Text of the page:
We know there are spells and ingredients required. We know that fairies are often involved. We know that not everyone can be a magician.
But the essential physics-like ingredient of “if you do exactly this, then exactly that happens” is missing in her books.
In that sense, her magic system is much closer to the Lord of the Rings than to Mistborn. As readers, we are never sure as to the exact kinds or extent of magical powers in her book.
This ineffable quality of her magic makes it so awe-inspiring. Not only is the magic vast and powerful, but it constantly violates what we thought we knew about the fictional 19th century England Clarke creates for us. Throughout the novel we never know exactly what might occur so that in almost every chapter the reader is continually awe-stricken by new incredible events and feats of wonder.
In the end, it’s this nebulousness and mystery of magic that makes Jonathan Strange and Mr. Norrell so awe-inspiring.
“In this day and age, where works of fantasy are too often judged by how fastidious and logical their magic rules and ‘systems’ are, I can’t stress how refreshing it is to read a work instead suffused with nebulous magic, myths and legends, where the limits and possibilities and, indeed, reasons for magic remain mostly unknown.” – Laura M Hughes
“This is, in my opinion, fantasy at its best. It awes and fascinates us with its mysterious unknowns, then directs that awe and fascination inward, making us rethink ourselves.” – Robert Jackson Bennett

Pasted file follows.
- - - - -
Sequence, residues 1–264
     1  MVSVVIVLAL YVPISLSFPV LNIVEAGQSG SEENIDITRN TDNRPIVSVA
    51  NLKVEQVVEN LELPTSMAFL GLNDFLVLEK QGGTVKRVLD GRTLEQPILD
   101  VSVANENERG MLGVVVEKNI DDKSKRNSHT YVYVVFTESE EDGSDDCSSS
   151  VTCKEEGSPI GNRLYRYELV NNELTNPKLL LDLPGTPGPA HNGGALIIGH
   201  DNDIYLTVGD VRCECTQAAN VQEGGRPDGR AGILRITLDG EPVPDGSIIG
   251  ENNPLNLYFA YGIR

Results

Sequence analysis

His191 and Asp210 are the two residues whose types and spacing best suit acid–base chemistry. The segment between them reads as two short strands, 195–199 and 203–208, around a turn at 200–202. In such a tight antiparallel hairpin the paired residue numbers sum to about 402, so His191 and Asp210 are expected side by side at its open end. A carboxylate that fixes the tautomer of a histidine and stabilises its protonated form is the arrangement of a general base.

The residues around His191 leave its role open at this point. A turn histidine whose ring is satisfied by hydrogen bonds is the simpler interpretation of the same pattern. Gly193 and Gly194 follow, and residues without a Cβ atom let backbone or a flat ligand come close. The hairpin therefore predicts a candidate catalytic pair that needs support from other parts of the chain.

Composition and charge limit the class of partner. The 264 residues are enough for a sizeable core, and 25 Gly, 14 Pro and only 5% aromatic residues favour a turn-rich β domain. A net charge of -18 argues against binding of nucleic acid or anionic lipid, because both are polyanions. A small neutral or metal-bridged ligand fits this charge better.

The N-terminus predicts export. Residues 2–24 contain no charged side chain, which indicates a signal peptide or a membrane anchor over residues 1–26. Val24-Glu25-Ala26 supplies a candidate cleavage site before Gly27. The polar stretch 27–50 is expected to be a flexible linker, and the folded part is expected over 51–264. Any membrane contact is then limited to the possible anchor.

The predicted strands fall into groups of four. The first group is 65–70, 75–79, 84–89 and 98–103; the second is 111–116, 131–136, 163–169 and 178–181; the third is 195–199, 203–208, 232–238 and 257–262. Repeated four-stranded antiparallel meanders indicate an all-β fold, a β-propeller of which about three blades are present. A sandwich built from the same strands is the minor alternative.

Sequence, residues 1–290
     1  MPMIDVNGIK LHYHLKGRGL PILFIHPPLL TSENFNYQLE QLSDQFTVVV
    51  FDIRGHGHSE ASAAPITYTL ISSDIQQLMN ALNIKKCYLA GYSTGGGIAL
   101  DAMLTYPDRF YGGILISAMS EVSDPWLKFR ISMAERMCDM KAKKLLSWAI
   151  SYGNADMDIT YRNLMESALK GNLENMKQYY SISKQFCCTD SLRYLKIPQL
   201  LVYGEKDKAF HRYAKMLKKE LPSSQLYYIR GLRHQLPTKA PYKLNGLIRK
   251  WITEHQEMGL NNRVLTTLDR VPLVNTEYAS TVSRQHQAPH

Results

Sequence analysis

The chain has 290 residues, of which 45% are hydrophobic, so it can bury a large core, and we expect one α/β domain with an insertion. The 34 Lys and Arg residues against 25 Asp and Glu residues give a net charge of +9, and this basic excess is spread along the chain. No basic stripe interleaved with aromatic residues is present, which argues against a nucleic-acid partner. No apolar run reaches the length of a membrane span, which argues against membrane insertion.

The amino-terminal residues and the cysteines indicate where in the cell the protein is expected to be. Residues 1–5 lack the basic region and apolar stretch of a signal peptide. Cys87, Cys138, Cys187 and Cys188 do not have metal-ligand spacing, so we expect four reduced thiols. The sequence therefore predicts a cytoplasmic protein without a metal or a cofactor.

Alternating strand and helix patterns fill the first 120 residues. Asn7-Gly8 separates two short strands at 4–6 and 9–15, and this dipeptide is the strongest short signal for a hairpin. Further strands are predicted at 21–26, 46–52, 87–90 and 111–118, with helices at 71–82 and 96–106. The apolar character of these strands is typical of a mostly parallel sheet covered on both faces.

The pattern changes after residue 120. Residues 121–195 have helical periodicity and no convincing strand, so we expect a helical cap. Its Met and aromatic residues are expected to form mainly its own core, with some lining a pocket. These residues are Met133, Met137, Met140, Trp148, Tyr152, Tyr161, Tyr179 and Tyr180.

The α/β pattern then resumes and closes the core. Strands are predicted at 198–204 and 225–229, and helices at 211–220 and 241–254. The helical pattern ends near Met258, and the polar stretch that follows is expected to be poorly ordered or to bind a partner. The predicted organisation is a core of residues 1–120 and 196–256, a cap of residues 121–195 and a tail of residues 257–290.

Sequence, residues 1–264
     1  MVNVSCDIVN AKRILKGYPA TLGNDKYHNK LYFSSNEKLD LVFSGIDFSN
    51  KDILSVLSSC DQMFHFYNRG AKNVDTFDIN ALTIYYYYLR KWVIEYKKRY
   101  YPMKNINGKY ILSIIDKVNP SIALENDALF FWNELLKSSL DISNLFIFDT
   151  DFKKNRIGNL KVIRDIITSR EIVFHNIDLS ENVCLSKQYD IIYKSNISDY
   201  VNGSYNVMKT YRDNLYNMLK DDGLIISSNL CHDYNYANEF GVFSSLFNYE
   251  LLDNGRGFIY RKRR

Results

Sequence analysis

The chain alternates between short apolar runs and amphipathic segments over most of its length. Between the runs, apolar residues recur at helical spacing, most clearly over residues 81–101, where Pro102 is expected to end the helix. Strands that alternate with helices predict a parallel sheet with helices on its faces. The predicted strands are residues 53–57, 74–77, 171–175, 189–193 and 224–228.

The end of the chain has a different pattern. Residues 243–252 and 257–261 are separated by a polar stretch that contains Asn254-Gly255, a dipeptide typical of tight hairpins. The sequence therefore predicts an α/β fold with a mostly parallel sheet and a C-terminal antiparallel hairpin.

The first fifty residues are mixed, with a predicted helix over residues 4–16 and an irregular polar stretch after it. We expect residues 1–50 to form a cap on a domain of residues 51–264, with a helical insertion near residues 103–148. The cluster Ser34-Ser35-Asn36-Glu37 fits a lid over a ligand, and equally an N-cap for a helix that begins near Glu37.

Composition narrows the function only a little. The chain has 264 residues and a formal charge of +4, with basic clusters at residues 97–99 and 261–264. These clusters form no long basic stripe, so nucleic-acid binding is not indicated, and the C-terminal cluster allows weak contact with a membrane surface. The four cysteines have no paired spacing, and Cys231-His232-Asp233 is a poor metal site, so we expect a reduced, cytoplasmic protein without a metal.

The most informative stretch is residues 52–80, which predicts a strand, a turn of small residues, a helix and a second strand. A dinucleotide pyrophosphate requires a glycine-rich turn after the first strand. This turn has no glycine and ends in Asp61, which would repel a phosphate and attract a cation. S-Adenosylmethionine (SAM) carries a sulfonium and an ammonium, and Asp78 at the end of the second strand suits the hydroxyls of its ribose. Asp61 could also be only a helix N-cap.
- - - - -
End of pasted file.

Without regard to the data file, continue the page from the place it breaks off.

The same definitely can’t be said for any of the magic systems in Mistborn.
Let me stress that I’m not suggesting Mistborn is an inferior work compared to Jonathan Strange and Mr. Norrell.
In fact, the way Sanderson wraps the trilogy up so neatly and with such compelling logic is in itself an awesome and awe-inspiring feat of artistry.
Yet, by the end of the third book of Mistborn, everything everyone does–all the magic that happens–is very familiar to the reader. There is no need for any accommodation whatsoever. Nothing violates any of the rules he has laid out for us.
We know who, what, when, why, and how it all works. This is what reduces much of the awe and wonder of Brandon Sanderson’s magic systems. And since the entire trilogy’s story and plot hinges on these magic systems, the in depth technical explanations reduce the magic and wonder of the books as a whole.
Jonathan Strange and Mr. Norrell meanwhile never quite stoops down into the mortal realm of explanation. Instead, we’re treated to mere glimpses of a different, very powerful world that we will never be able to understand; a faerie world that continuously forces us to make accommodations for its existence. Like the philosophical magicians of latter day English magic, the reader remains an outsider always looking in, witnessing new and wonderful things on each page, but never gaining understanding or mastery over them.
Jonathan Strange and Mr. Norrell has such an awe-inspiring effect on the reader because it keeps itself wrapped in a mystery as powerful and all encompassing as the darkness surrounding its titular characters.
Clarke’s novel is like one of the old roads leading to faerie. The mists part for a moment, showing us the way into the woods. But once we enter we are lost and disorientated, given only occasional glimpses of the wonders surrounding us to guide our way.
And when you finish the book and return to the world of the mundane, the magic is so spellbinding that your only desire is to lose yourself in it again.
What could be more awe-inspiring than that?